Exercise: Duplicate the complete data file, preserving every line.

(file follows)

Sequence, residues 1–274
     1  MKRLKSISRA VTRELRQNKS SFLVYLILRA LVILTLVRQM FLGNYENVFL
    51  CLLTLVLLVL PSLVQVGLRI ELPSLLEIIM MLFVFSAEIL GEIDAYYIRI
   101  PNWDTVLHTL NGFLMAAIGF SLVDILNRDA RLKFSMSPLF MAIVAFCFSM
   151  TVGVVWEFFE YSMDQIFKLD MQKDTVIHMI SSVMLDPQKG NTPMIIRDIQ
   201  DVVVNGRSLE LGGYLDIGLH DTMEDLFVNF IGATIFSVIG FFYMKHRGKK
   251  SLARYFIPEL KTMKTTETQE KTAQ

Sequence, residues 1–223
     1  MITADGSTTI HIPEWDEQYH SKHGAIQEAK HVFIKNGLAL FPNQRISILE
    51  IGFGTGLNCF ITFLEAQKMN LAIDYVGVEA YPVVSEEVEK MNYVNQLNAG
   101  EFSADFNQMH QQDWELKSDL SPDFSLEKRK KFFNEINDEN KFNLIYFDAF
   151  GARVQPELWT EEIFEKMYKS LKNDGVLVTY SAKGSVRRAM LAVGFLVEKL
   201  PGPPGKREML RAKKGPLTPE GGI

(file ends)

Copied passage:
Sequence, residues 1–274
     1  MKRLKSISRA VTRELRQNKS SFLVYLILRA LVILTLVRQM FLGNYENVFL
    51  CLLTLVLLVL PSLVQVGLRI ELPSLLEIIM MLFVFSAEIL GEIDAYYIRI
   101  PNWDTVLHTL NGFLMAAIGF SLVDILNRDA RLKFSMSPLF MAIVAFCFSM
   151  TVGVVWEFFE YSMDQIFKLD MQKDTVIHMI SSVMLDPQKG NTPMIIRDIQ
   201  DVVVNGRSLE LGGYLDIGLH DTMEDLFVNF IGATIFSVIG FFYMKHRGKK
   251  SLARYFIPEL KTMKTTETQE KTAQ

Sequence, residues 1–223
     1  MITADGSTTI HIPEWDEQYH SKHGAIQEAK HVFIKNGLAL FPNQRISILE
    51  IGFGTGLNCF ITFLEAQKMN LAIDYVGVEA YPVVSEEVEK MNYVNQLNAG
   101  EFSADFNQMH QQDWELKSDL SPDFSLEKRK KFFNEINDEN KFNLIYFDAF
   151  GARVQPELWT EEIFEKMYKS LKNDGVLVTY SAKGSVRRAM LAVGFLVEKL
   201  PGPPGKREML RAKKGPLTPE GGI